The Papal Monarchy: The Western Church from 1050 to 1250

By Colin Morris | Go to book overview
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10
THE NEW MONASTIC ORDERS

i. From Hermitage to Monastery

One of the features of the monastic scene in the late eleventh century had been the appearance of groups of hermits who lived outside existing rules and customs. The dominant characteristic in the twelfth century was the opposite: the emergence of new orders with clearly defined constitutions. Paradoxically, these monks were the lineal descendants of the hermits: the Cistercians and Carthusians trace their ancestry back to hermits gathered in Burgundy, while Fontevraud, Savigny, and Tiron have their origin in the povertyand-preaching movement in north-western France. Historians have disagreed about the dynamics of the change: was it transition or treason?1 Ernst Werner saw the movement from the freer life of hermits into regulated communities primarily as the result of pressure by the hierarchy, whereas Giles Constable and Henrietta Leyser have rejected any suggestion of a sharp contrast between hermits on the one hand and monks on the other, emphasizing there was a multitude of forms of 'eremitical monasticism', within which movement could take place in one direction or the other.2 In any case, we must not exaggerate the speed of the transformation. There were certainly plenty of communities whose founders chose to accept a Rule from an established house, but when a community developed its own customs into a new form of religious life the process usually took a considerable time. Remarkably, in almost every such case the original founder had moved elsewhere, and there are doubts about the continuity of ideals; a feature common to Bruno at Chartreuse, Robert at Cîteaux, Cono at Arroualse, William of Champeaux at St Victor, and Norbert at Prémontré.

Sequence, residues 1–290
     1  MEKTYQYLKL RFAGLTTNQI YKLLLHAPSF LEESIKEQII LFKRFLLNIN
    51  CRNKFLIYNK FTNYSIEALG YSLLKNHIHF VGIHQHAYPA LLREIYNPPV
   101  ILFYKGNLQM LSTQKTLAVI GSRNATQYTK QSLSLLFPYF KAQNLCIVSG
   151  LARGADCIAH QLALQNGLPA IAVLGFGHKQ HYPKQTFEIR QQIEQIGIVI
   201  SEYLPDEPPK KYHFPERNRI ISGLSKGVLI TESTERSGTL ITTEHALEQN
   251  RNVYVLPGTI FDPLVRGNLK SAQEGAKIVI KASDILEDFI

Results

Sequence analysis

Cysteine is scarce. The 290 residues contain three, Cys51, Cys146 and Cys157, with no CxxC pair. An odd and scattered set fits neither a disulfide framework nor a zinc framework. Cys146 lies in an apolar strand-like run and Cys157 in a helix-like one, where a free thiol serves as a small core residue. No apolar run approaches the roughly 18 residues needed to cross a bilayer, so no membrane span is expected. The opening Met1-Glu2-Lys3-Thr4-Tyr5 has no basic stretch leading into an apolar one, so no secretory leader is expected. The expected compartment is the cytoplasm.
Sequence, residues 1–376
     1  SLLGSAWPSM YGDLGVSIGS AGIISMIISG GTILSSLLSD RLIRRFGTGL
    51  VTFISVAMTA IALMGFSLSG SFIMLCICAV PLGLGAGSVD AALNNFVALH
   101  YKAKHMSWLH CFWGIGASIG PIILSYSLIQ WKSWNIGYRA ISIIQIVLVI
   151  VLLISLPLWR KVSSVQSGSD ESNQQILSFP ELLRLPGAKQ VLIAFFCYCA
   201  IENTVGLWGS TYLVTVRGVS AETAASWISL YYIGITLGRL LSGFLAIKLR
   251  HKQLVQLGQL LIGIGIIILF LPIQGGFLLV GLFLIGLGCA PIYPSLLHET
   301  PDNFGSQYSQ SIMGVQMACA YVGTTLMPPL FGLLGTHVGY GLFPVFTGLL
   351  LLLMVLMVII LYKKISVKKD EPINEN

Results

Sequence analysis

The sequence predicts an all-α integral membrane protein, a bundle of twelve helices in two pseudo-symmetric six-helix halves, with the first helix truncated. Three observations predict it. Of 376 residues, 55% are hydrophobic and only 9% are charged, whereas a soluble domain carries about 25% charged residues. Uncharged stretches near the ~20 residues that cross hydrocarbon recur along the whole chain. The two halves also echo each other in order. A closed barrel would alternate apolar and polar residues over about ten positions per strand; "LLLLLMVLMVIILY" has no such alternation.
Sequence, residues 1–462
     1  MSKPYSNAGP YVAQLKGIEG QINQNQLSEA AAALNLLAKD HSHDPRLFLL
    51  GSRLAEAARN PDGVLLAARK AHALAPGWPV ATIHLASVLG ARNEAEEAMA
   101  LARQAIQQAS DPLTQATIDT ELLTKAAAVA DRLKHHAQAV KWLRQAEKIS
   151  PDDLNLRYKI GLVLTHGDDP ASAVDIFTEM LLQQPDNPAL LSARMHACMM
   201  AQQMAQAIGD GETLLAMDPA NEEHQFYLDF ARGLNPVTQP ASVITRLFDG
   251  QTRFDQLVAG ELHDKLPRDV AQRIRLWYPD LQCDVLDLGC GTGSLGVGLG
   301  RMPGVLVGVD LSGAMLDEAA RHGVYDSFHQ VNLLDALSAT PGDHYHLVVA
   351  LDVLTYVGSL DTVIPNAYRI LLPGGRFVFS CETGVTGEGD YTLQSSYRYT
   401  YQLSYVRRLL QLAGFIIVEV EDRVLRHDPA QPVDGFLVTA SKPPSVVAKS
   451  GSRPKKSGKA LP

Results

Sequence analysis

____________________
1
L. Mills, "L'évolution de l'érémitisme au canonicat régulier . . . : transition ou trahison?", MCSM 7 ( 1977), 223-38.
2
E. Werner, Pauperes Christi ( Leipzig, 1956); H. Leyser, Hermits and the new Monasticism ( London, 1984); and G. Constable, "The Study of Monastic History Today", in his Religious Life and Thought ( London, 1979).

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